“We’re trying to be open and transparent about what the data actually shows to better inform better policy responses.”

FPR: I am also struck by the fact that the NIA is collecting data on this. Does that identify a gap in the system, that nobody else has been doing this?

Yeah. I think certainly at the start of the pandemic, did we think this was something that needed to be done? Absolutely. Did we think we needed to be the ones doing it? Certainly not. I think what we anticipated early on was that there would be some kind of national system to help, just as we would hear in the daily news brief – how many cases, how many deaths, etc. What we were seeing was the most vulnerable part of the system wasn’t really getting a lot of air time, other than hearing stories about significant outbreaks occurring in parts of Canada, but not necessarily seeing the data being reported. We would hear number of cases, deaths, how many people are hospitalized, how many people are using ICUs, but never how many homes are in outbreak across the country? How many residents have been infected? How many staff have been infected? How many residents and staff have died? And because we didn’t see this being collected, first of all, at a national level – or at least being reported publicly at a national level – and then we were seeing provinces collect information in different ways and not collecting it in a systematic way that would allow us to compare and learn from different provincial experiences, we clearly saw a gap here that nobody else seemed to be filling. And that’s why I think the NIA decided to step in and actually start collecting this information in a robust way that we could present in an open way back to the public, with a goal to fill in a clear data-collection gap that nobody else seemed to be focusing on in Canada at the time. And we certainly have seen over time that certain provinces have improved some of their reporting systems, but we’ve seen some provinces that have kind of backed away from being so public in the way they’re reporting things and even becoming a bit more, I think, secretive in the data that they’re even willing to share.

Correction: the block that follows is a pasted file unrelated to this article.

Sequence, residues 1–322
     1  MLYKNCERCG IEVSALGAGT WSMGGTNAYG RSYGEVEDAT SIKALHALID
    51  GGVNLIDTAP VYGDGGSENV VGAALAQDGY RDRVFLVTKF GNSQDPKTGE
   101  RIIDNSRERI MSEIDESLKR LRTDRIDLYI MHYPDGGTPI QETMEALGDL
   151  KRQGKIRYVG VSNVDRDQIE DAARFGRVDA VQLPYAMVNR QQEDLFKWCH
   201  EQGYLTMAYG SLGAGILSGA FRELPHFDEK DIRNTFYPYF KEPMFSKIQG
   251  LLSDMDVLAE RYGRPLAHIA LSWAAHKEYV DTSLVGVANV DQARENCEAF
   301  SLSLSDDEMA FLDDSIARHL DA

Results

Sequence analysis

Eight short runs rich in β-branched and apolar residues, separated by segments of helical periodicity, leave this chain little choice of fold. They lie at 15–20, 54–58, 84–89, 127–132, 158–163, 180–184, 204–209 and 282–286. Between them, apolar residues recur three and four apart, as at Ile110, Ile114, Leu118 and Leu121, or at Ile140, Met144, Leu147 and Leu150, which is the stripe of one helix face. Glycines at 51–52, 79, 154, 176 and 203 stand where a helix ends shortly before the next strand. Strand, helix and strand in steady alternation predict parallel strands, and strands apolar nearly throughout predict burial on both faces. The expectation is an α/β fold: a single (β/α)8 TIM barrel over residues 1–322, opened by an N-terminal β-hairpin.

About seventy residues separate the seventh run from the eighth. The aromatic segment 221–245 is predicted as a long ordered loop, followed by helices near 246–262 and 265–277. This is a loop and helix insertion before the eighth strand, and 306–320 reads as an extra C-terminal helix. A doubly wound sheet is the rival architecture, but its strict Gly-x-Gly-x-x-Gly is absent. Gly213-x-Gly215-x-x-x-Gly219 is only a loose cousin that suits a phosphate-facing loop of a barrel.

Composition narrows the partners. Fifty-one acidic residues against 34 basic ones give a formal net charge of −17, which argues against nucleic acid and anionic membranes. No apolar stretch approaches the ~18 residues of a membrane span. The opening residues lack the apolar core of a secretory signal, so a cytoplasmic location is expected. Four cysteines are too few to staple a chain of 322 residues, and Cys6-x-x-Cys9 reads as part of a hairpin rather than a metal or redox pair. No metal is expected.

Quebec is one of those classic examples. I think, as things were getting really bad in Quebec, for example, there wasn’t really clear, definitive information on what was actually happening in its long-term care homes. And then I think by April, the Quebec government started releasing a daily list showing what the size of the outbreaks were, which homes were in outbreak, etc. But then they abruptly stopped reporting that data on April 30. They said there was some kind of accounting or technical error that they would fix and start reposting that information back within a few days. But then it was literally about two weeks that, that information system was down. When it got re-posted, it was even, I would even argue, a little bit less transparent than it was before, and it made it really hard for people to understand exactly what was happening. So even with our tracker data in Quebec, we know that we’re probably under-reporting the total number of resident cases and staff cases and overall [cases]. And that’s a concern because, again, without accurate data, we’re making assumptions about what happened in Quebec that may actually be under-reporting the issue there, and maybe [affecting] how accurately we can interpret the Quebec situation in a way that can be helpful for other provinces and territories not wanting to make some of the same mistakes.

We’ve had real problems trying to get clear, definitive answers towards our data in both Nova Scotia and Quebec, whereas other provinces like B.C. and Alberta have been incredibly transparent and supportive of our work and helping us to make sure that we have good quality, accurate data, because they appreciate that what we’re trying to do is just be open and transparent about what the data actually shows to better inform better policy responses.